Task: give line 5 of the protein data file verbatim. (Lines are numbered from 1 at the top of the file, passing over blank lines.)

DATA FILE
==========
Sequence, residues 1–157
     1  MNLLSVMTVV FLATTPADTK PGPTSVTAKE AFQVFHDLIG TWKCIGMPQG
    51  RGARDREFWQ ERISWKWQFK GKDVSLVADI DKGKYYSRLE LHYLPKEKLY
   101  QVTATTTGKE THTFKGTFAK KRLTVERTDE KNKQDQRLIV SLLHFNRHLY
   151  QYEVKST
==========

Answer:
   151  QYEVKST